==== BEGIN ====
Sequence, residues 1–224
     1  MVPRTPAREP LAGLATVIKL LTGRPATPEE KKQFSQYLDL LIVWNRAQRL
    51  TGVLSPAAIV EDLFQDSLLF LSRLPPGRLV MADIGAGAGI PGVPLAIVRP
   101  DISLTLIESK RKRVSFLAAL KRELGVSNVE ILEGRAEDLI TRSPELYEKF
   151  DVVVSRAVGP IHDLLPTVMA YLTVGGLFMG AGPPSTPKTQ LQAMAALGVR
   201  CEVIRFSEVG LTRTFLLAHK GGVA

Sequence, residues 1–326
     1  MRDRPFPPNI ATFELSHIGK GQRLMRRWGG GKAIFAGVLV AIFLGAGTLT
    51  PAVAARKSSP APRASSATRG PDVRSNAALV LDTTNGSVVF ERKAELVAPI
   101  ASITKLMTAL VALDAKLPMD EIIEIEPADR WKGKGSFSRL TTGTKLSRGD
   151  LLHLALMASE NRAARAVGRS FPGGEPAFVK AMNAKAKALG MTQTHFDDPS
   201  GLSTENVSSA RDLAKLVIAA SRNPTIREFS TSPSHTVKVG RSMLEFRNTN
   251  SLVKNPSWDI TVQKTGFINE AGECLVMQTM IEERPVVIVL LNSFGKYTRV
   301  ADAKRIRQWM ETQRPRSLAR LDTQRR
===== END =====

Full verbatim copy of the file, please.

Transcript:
Sequence, residues 1–224
     1  MVPRTPAREP LAGLATVIKL LTGRPATPEE KKQFSQYLDL LIVWNRAQRL
    51  TGVLSPAAIV EDLFQDSLLF LSRLPPGRLV MADIGAGAGI PGVPLAIVRP
   101  DISLTLIESK RKRVSFLAAL KRELGVSNVE ILEGRAEDLI TRSPELYEKF
   151  DVVVSRAVGP IHDLLPTVMA YLTVGGLFMG AGPPSTPKTQ LQAMAALGVR
   201  CEVIRFSEVG LTRTFLLAHK GGVA

Sequence, residues 1–326
     1  MRDRPFPPNI ATFELSHIGK GQRLMRRWGG GKAIFAGVLV AIFLGAGTLT
    51  PAVAARKSSP APRASSATRG PDVRSNAALV LDTTNGSVVF ERKAELVAPI
   101  ASITKLMTAL VALDAKLPMD EIIEIEPADR WKGKGSFSRL TTGTKLSRGD
   151  LLHLALMASE NRAARAVGRS FPGGEPAFVK AMNAKAKALG MTQTHFDDPS
   201  GLSTENVSSA RDLAKLVIAA SRNPTIREFS TSPSHTVKVG RSMLEFRNTN
   251  SLVKNPSWDI TVQKTGFINE AGECLVMQTM IEERPVVIVL LNSFGKYTRV
   301  ADAKRIRQWM ETQRPRSLAR LDTQRR